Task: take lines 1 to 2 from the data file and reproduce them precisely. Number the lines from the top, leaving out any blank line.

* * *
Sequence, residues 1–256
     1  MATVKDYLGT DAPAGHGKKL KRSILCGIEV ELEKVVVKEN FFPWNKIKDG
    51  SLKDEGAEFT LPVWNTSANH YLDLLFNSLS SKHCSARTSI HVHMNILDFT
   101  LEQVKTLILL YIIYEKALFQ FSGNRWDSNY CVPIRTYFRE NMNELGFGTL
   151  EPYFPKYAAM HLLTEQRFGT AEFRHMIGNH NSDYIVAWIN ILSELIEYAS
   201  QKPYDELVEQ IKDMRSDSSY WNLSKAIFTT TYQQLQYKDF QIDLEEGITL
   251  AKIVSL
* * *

Sequence, residues 1–256
     1  MATVKDYLGT DAPAGHGKKL KRSILCGIEV ELEKVVVKEN FFPWNKIKDG